The Texas Animal Health Commission (TAHC) adopted amendments to §41.8 of the Texas Administrative Code concerning dipping, treatment, and vaccination of animals for fever ticks at a regularly-scheduled meeting May 9 in Austin.
The purpose of the amendments to §41.8 is to provide the designated fever tick epidemiologist (DFTE), with the approval of the executive director, the discretion to approve inspections, dipping, treatments and/or vaccination requirements that are less stringent than those currently prescribed, taking into consideration the circumstances of the affected producer, and the commission’s overarching goal to encourage producers to maintain cattle on affected premises.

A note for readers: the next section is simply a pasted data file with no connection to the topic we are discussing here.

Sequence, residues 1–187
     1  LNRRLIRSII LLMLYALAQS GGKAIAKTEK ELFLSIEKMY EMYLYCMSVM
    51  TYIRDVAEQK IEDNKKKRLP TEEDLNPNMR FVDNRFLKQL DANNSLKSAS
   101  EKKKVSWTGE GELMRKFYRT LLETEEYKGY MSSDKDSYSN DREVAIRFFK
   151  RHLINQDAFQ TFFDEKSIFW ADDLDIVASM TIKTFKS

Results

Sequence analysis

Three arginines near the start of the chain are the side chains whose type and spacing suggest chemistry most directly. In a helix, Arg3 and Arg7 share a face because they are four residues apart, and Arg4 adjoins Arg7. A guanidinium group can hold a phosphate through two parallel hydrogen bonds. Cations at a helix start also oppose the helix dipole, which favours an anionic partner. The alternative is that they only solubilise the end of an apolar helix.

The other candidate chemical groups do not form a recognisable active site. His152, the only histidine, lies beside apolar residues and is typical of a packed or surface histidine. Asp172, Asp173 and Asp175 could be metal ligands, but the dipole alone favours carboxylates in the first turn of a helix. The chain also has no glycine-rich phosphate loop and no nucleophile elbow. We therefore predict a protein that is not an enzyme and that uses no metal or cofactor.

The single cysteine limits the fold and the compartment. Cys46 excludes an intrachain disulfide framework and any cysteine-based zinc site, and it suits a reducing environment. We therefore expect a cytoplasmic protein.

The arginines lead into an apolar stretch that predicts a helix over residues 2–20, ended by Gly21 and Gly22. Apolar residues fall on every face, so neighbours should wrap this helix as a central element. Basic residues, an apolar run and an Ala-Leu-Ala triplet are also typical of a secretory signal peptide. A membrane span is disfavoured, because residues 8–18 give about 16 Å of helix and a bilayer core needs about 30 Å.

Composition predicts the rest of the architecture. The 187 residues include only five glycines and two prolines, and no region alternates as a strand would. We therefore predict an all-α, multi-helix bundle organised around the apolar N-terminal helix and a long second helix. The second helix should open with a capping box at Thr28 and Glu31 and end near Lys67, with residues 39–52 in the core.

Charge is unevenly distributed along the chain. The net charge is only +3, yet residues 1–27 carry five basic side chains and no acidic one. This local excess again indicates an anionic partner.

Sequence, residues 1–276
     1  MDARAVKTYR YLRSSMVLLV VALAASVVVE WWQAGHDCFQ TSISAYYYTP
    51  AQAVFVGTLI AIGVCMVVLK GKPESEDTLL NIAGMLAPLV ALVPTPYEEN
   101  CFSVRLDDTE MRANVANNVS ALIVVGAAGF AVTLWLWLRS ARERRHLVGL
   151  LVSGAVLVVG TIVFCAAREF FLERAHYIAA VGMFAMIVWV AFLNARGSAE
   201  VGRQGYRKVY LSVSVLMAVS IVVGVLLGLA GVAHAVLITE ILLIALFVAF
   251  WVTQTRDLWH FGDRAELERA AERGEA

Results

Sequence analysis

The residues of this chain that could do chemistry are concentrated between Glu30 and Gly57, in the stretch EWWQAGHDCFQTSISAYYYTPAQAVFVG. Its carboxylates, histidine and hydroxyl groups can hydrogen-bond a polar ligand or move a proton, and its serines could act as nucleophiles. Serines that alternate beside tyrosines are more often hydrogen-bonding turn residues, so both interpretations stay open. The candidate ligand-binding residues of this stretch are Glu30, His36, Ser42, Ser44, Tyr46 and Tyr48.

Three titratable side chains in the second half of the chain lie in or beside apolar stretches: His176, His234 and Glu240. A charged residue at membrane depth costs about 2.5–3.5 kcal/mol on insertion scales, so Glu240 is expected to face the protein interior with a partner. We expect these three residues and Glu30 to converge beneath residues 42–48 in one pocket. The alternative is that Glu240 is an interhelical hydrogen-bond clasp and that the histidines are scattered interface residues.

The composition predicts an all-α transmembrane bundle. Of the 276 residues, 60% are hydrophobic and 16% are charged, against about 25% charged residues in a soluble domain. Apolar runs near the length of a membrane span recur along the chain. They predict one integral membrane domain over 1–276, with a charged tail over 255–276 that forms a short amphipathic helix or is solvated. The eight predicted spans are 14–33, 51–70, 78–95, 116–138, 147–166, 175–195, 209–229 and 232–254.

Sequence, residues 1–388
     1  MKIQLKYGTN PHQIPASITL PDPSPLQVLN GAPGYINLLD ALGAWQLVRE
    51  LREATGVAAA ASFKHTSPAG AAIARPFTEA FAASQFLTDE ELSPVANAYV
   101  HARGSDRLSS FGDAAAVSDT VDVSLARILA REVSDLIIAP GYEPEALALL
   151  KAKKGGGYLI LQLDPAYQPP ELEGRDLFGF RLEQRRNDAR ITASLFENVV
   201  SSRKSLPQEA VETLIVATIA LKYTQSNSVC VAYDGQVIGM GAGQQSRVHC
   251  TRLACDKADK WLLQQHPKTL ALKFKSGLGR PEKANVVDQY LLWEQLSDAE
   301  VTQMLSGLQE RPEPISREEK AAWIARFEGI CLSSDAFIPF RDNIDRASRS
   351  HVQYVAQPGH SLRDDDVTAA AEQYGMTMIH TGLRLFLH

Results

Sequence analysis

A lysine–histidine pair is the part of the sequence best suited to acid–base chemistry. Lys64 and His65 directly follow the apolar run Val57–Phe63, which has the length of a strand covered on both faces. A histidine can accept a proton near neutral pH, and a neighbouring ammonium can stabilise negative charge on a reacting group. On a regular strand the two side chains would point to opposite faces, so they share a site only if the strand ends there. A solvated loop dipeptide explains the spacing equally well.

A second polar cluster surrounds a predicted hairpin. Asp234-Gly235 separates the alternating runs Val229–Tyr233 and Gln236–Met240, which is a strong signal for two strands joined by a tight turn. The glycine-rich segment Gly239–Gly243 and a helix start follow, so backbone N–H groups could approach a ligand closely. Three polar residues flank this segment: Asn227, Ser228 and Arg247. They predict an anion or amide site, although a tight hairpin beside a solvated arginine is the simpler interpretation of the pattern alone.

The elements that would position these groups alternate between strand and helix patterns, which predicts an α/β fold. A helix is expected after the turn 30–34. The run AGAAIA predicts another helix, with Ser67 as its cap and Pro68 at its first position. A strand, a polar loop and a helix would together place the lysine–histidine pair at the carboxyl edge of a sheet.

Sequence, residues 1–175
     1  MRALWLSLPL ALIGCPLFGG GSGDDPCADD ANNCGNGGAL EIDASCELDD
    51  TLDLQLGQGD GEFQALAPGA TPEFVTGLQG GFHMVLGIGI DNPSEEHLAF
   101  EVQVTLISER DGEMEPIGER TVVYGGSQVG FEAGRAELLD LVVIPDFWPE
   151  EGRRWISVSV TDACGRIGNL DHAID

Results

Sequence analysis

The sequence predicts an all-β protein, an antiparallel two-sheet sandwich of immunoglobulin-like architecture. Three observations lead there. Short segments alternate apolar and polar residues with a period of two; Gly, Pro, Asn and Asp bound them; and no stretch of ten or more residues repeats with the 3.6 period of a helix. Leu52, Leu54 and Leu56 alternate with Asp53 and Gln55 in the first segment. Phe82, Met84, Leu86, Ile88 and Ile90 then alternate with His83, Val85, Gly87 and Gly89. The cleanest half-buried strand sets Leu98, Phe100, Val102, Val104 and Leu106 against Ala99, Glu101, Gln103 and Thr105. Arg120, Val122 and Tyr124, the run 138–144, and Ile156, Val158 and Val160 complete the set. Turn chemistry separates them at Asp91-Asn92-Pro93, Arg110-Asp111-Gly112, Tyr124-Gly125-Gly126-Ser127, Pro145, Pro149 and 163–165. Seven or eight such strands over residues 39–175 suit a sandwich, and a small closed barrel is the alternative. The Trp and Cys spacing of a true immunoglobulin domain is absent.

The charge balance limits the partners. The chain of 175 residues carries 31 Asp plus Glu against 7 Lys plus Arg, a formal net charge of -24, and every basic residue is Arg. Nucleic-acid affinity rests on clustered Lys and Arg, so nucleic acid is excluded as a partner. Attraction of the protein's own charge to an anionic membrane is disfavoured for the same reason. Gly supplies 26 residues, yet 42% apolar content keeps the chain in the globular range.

“Our goal is eradication of cattle fever ticks, and biology of the tick allows no shortcuts to reaching that goal,” said Dr. Andy Schwartz, TAHC executive director. “Cattle maintained on or near premises have significant value as sentinel animals, and when found, become control agents of the fever tick. This rule change allows us to consider the rancher’s particular circumstances in developing a science-based plan encouraging continued stocking with cattle while ticks are eradicated.”
The TAHC strives to protect the health of all Texas cattle from fever ticks through surveillance, control, testing, and treatment of any livestock and/or wildlife that may serve as a host, while recognizing the importance of cattle production in all quarantine zones.
The amendments to §41.8 will go into effect on May 30, 2017.
For more information about the Cattle Fever Tick Eradication Program, visit www.tahc.texas.gov/animal_health/cattle/#ticks.